“Then the drill instructor said ‘Be the one. Be the one that looks over to find your family.’ I tried to keep my eyes straight, but I had to see if y’all were there. I looked over and found you, then I was able to focus on the run. Some guys had parents that showed up late, after Family Day was over.”
I was nervous. I won’t pretend I wasn’t.
I know I said in the last blog that I wasn’t worried they would take his smile and his laugh, but I was. Deep down, I wondered what had happened, and if they had managed to suffocate my brother and replace him with a finely tuned Marine.
We drove on to the base Thursday morning, were searched, then allowed through to the proceedings. We parked and walked to a clearing where we were instructed on the rules for the day. It was a drill instructor who I guess had the most public speaking experience, and who instructed us not to “walk on his grass or his parade deck.”
I won’t bore you with the minutiae the day consisted of. I’ll skip straight into the good stuff.
“There’s a Starbucks somewhere on this base. I gotta have some Starbucks. Let’s just walk around until we find it.”
The drill instructor yelled his last words to a crowd of surging family members kept at bay by a few stern looking young men in crisply starched uniforms, green belts, and hats like I see on the highway patrol here in Oklahoma.
“Ladies and gentlemen, I give you…YOUR MARINE!”
The crowd broke, and in that moment, I saw what pure, distilled happiness looks like. Moms rushing to hug their sons, fathers holding back tears and waiting to shake the hands of the boys they used to make sit up straight.
It was awe-inspiring. In fact, I held back for a moment, just a moment, to both fully appreciate it and to try and sneak a picture of Josh hugging mom. I felt a bump, and then…
“Will you MOVE. Jesus!”
Cue the record scratching, jaw dropping, and angry stare from me. Some lady had just ruined my moment. And she called me Jesus, and I was clearly not wearing a robe. I guess she could have been uttering a prayer to the Spirit, asking Him to move among those in the crowd, but the look she was giving me makes me think she was the furthest from the Spirit she’d ever get.
“I’m just looking around to see if everyone is taking their hats off to eat. I don’t want to be the only one who does. Travis, do you see anyone? Are their hats off? I wanna eat this burger.”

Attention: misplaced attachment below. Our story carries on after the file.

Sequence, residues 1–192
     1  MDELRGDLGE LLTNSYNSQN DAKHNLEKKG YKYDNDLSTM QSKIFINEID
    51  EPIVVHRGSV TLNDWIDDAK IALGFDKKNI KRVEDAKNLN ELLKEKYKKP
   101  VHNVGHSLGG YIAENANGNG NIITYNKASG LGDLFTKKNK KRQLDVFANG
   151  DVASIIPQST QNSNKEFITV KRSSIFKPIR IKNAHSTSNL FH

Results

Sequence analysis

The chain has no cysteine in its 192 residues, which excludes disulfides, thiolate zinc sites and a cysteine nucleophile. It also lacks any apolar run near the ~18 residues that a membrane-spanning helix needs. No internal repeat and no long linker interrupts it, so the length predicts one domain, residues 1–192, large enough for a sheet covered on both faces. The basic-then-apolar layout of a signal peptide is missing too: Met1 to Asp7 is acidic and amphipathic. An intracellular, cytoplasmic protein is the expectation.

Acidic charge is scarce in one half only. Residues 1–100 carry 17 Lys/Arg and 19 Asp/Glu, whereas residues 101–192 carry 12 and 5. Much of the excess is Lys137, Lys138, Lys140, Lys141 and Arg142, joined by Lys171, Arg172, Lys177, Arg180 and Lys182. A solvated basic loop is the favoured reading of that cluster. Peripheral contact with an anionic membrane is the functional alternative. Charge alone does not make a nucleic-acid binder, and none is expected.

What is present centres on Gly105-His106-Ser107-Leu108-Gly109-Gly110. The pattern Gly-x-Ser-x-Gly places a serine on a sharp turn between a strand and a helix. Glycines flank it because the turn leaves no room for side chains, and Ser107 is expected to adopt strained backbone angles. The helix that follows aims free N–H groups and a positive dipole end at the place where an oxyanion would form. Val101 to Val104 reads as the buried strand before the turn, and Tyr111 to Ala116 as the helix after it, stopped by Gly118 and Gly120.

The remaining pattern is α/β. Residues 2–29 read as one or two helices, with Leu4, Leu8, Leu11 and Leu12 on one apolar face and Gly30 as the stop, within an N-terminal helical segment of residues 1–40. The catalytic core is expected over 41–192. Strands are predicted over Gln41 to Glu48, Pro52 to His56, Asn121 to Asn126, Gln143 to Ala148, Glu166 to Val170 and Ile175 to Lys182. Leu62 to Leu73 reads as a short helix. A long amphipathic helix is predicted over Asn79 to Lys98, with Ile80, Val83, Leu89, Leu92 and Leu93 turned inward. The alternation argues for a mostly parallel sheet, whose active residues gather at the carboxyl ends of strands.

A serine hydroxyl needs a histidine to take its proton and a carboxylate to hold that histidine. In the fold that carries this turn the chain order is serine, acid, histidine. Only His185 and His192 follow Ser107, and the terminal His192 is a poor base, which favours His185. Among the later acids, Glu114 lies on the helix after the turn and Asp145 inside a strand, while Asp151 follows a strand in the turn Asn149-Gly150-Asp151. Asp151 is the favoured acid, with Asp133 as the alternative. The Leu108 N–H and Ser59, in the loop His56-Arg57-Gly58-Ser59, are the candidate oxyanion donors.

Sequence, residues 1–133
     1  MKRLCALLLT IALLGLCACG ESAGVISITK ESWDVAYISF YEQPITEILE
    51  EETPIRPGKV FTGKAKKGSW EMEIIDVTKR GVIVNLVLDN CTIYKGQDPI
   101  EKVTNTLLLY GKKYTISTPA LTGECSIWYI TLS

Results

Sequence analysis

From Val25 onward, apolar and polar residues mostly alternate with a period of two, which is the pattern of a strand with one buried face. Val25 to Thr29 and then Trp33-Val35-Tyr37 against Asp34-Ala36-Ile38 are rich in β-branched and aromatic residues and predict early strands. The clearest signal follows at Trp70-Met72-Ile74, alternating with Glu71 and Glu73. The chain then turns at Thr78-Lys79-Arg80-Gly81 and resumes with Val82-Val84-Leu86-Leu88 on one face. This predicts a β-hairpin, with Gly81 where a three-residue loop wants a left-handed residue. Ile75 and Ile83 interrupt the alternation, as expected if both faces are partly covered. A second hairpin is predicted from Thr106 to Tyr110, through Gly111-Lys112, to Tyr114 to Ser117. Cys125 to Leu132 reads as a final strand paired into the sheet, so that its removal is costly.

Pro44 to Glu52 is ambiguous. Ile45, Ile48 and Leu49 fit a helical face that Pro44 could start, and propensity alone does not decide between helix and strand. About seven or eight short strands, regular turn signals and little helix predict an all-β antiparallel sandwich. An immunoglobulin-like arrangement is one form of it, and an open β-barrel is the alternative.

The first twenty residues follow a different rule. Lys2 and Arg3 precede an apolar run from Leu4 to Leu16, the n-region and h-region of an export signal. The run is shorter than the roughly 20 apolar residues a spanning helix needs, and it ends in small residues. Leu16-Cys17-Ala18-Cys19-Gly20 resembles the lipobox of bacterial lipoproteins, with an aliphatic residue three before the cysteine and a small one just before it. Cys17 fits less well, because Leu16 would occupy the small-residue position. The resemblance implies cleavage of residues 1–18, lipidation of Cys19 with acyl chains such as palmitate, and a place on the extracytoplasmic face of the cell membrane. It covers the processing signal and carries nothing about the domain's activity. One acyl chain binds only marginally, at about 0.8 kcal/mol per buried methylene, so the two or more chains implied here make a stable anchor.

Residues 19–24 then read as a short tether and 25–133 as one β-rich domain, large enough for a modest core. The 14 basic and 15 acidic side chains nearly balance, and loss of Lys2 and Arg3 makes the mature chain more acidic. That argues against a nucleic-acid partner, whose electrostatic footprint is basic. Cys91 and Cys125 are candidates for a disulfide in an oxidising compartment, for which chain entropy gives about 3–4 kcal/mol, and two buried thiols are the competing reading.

Finally I broke through the crowd, fighting back tears, watching my mom brush them out of her eyes, and watching Josh hug and kiss his girlfriend. The drill instructor made it very clear that moms were to get their hugs first.
He looked skinny. My brother, never one to be extremely thin, lost a great deal of weight at boot camp. He said it’s only thirteen pounds, but I think it’s more. He looked different. I went to him, unsure of a handshake or a hug.
The he smiled, hugged me, and said, “How you doin’ bro?”
And just like that, I knew my brother was standing there.
We walked all through the base that afternoon. We laughed, we talked, he told us horrifying stories about yellow hand prints on the wall and something called a “peanut butter shot.”
It’s not what you think it is. At all.
I don’t want to go into detail too much because I honestly don’t know if I’ll get him in trouble for disclosing any of his stories.
I must say, I held it together remarkably well. It took about ten minutes, and the whole family was joking with him like usual, not being serious about anything, teasing him about looking over his shoulder every time he thought he saw a drill instructor.
I had two little slip ups. The first was when the drill instructor asked for all the moms to cheer for their sons. Then he said, “Where are all my dads at?”
The second time was in a store on base, and they had some t-shirts hanging up. Every kind of Marine slogan you’ve ever heard. Then one caught my eye.
Marine Dad. He called me ‘sir’ first.”
I excused myself and walked outside for a bit.
“I better run back in there early. The drill instructor said ‘Be the one. Be the one who is late today.’ They still have me for one more night. I’ll see you guys tomorrow. Be ready to drive. I’m ready to get home.”
Five hours passed in the blink of an eye. I watched Josh eat a burger, drink a coffee, turn down numerous attempts to buy him other foods, and hold hands with his girlfriend while talking to other recruits, all nervously looking around and laughing.
My mom made one of the drill instructors stop and take a picture with Josh, which I laughed about for an hour, and I would absolutely post the picture on here if I didn’t think it would get him drawn and quartered when he went back.
I tried to feed a seagull in the parking lot and he stopped me, grabbing the crackers out of my hand and telling me how he would be the one to get in trouble if anyone saw me doing that.
I watched my brother walk away quickly across the parking lot, pants and shirt still as crisply ironed as they were when I first hugged him. He looked like a man on a mission, but he looked familiar. He looked like my brother.
I hollered out to him one last time.
“I thought you said you were going to run, Marine!”
He turned and laughed, turned back around, and for a brief second I thought he would break into a jog. But he didn’t. He kept walking. He kept being my brother.